The Dreaded Correction

Financial markets have been experiencing heightened volatility recently, with some of the biggest swings coming on the heels of the Federal Reserve’s statements on June 19th.  Events like this become a virtual feeding frenzy for financial news media, and represent one of the crucial moments in which many bad decisions can be made via lost perspective.  I believe it’s essential to step back, gain some context and decipher what everything really means and how it affects you.

Here’s what’s going on:

You’ve likely heard the term Quantitative Easing of recent.  This multiple-phase bond buying program by the Federal Reserve (“the Fed”) has intended to support the economy in the slow growth environment we are in.  This seems to have worked, as markets have continually risen higher.  However, a few weeks ago the Fed began to hint at the probability of “tapering” back their stimulus program as long as the economy continues to go in the right direction, albeit slowly.  The market did not react well to this news at all and stocks began to retreat, with some stocks in the Real Estate and Utilities sectors posting double digit losses in a short period of time.  Bonds also got hurt as we saw interest rates begin to increase slightly.

Over the past several weeks investors have been waiting for the next clues from the Fed as to how long we can expect the stimulus to continue, as if it’s a drug that the markets need to survive and if taken away stocks will begin to suffer in withdrawal.  Well, the most recent clues came on Wednesday in the form of a Fed statement and Ben Bernake’s subsequent remarks.  The gist of these statements were that the Fed continues to look for the most reasonable way to begin tapering the stimulus program without causing shock to the markets, and the general tone was that they would continue to gradually slow down their support of the economy in the coming months as long as economic growth appeared positive.  With this, markets sold off again in fear of discontinued stimulus, even though the reason for the tapering is continued optimism that our economy is going in the right direction and will be able to sustain itself without Fed intervention.

So, should you be concerned about these recent events?  Depends on what you’re investing for, but for most people the answer is probably no.  For anyone with any semblance of a time horizon (5, 10, 15 years or more), I don’t think it’s really that significant at all.  You have to understand, as Morgan Housel perfectly illustrates here, that a lot of the “action” in the markets stems from trading done by entities and institutions (and High Frequency Traders) that do not possess the luxury of a time horizon.  Their performance is measured in days, weeks and months.  So, whether or not an asset has significant appreciation potential over the next several years often means nothing to a trader, while it means the world to an investor.  Trading behavior can negatively affect a stock in the short term regardless of that stocks long term prospects.  This is why it’s so important to see the big picture and not get caught up in the day to day trading activity.  Too often the action in a day of trading gets translated into talking points directed at investors, filling individual investors with doubt which threatens to derail their long term objectives.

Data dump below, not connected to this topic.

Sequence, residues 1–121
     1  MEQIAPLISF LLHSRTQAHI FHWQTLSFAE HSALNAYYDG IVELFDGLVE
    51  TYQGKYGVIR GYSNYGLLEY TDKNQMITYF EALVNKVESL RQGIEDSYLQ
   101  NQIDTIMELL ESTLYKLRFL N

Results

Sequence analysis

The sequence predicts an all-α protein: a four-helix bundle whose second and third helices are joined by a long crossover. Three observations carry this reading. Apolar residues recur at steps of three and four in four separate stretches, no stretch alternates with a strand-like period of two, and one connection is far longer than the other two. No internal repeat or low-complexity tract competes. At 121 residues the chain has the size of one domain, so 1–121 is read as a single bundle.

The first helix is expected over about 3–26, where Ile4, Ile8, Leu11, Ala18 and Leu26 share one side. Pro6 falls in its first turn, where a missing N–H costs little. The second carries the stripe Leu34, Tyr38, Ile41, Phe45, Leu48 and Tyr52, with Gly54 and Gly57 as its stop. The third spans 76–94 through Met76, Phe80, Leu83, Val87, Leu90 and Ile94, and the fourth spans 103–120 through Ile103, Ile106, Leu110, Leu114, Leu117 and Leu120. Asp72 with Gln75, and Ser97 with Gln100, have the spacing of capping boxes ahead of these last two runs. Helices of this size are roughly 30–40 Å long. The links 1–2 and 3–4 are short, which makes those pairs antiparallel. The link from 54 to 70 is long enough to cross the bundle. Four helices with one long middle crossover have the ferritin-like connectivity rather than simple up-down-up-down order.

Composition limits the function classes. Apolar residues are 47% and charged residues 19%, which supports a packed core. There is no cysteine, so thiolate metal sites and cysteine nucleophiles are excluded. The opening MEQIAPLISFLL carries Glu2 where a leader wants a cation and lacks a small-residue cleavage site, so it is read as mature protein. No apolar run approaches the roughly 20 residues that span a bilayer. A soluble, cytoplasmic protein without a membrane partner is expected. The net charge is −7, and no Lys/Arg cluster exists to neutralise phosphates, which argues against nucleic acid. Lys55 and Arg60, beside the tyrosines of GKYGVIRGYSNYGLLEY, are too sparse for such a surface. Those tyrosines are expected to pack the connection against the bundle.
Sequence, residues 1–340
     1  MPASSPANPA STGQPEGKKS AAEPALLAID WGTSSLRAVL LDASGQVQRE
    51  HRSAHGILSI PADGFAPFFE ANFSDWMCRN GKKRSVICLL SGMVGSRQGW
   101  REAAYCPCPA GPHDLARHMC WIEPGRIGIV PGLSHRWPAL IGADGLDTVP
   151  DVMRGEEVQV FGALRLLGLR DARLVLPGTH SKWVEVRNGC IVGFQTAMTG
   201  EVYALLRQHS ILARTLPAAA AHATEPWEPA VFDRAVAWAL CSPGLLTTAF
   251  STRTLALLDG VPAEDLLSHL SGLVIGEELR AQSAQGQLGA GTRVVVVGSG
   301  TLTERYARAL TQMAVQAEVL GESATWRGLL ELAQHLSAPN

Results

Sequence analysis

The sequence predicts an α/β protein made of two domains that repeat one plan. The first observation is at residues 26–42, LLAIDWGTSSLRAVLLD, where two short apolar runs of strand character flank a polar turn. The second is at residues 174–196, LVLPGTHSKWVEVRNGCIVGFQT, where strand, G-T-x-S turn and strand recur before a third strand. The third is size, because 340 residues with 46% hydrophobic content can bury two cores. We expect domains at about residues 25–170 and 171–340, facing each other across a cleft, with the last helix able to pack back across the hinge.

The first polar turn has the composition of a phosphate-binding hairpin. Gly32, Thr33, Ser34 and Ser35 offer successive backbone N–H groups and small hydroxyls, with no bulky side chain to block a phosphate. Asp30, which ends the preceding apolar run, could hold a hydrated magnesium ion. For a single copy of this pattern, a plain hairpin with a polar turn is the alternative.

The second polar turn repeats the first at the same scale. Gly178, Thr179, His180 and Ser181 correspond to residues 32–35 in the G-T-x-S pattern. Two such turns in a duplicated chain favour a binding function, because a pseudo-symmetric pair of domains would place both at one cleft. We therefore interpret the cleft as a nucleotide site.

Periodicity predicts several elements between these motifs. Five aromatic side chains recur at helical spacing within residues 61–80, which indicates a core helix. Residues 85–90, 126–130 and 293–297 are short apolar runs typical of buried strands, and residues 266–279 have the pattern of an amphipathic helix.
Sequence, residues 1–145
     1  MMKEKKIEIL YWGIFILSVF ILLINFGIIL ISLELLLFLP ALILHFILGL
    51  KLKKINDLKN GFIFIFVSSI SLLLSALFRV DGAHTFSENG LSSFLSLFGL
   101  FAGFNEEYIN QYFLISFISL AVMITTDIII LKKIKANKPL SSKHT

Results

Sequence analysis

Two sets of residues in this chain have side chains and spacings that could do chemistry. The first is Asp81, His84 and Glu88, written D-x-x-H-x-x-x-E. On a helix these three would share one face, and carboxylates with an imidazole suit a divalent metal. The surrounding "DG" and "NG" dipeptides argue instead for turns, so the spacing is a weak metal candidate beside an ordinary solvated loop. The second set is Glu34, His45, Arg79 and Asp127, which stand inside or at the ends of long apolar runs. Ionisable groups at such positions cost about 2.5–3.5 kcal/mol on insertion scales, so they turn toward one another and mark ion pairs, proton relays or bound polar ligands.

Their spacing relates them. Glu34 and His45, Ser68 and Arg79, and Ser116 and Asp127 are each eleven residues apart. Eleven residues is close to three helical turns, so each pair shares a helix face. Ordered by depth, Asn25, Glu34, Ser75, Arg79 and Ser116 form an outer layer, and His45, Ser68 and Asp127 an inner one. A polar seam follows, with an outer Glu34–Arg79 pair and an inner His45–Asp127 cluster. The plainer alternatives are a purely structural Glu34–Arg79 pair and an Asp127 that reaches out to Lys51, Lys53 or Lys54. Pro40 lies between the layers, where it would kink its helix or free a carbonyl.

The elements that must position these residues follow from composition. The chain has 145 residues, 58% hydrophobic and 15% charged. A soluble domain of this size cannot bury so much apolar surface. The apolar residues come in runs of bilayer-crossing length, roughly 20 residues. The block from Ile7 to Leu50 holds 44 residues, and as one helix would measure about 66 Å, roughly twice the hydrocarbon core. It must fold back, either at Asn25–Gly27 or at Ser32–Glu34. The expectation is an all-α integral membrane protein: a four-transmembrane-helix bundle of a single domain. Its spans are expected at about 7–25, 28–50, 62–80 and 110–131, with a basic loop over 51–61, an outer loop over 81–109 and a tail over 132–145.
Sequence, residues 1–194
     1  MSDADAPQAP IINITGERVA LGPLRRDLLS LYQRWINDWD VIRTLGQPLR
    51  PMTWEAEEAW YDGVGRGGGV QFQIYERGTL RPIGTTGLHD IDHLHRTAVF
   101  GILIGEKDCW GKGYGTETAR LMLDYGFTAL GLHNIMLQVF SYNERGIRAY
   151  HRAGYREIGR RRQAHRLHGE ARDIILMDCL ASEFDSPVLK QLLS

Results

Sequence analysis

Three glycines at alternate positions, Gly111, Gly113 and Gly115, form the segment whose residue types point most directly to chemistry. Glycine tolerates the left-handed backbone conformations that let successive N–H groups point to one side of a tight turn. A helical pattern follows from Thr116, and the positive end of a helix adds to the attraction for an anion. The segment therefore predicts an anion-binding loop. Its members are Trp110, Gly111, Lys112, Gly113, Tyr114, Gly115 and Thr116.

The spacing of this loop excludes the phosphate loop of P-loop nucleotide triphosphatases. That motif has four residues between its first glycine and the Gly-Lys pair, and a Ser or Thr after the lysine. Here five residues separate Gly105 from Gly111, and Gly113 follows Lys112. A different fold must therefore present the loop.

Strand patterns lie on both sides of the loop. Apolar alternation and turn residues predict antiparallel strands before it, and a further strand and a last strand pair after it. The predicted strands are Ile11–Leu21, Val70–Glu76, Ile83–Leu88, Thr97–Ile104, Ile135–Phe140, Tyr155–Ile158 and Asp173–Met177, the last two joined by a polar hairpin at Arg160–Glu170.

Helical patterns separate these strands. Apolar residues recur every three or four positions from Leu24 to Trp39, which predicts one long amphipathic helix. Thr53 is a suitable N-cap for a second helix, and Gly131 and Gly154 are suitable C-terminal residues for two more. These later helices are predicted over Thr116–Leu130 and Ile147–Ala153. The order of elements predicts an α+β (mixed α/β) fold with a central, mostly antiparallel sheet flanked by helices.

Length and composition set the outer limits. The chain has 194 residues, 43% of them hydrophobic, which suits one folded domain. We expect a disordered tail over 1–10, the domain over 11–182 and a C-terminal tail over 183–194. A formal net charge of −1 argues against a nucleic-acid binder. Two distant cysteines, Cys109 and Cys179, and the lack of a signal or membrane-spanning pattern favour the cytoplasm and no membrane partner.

It is important to understand where we are in context of where we have been, but it’s foolish to make “actionable” forecasts as to where we are going in the short term.  Whether or not and when the Fed will begin to taper is a short term forecast and acting on it is not likely to help the cause of long term investor with a well-designed portfolio.  A larger issue that many seem to miss is that there is an assumed correlation between markets and the economy, though this might not be the case, as Barry Ritholtz states:

“As to the markets, I hope you realize they are separate and apart from the economy. The data overwhelmingly shows that most of the time, stocks and the economy are wholly uncorrelated. Over the short and medium term (days weeks months), there is almost no relationship in either direction or magnitude. People often have difficulty accepting that, but the academic studies on it are overwhelming. Over the longer haul (decades), there is some correlation between GDP growth (3-4%) and corporate earnings (6%), and I assume they are not coincidental. But that is only over long periods of time, and even then they can become somewhat disconnected.

During volatile markets, it’s essential to identify and separate the factors which are driving the volatility from the factors that drive your investment decisions.   As long as your investment decisions are driven by a genuine process, built on a solid foundation and the big picture fundamentals remain encouraging, then be careful not to let short term actions by other market participants make you doubt the merit of your decisions.

Reed Bermingham is a financial advisor located at Manning Wealth Management: 2550 Fifth Avenue, Suite 800 San Diego, CA 92103. He is a registered representative and investment adviser representative of and offers securities through Commonwealth Financial Network, Member FINRA/SIPC, a Registered Investment Adviser. He also offers advisory services as an investment adviser representative of Manning Wealth Management, Inc., ad Registered Investment Adviser, which are separate and unrelated to Commonwealth. He can be reached at 619.237.9977 or at reed@manningwm.com

Sources:

Your Last Remaining Wall Street Edge
Morgan Housel
The Motley Fool
June 18th, 2013

“What’s your outlook on the markets and the economy”
Barry Ritholtz
The Big Picture
June 18th, 2013

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Categories: Economy, Markets

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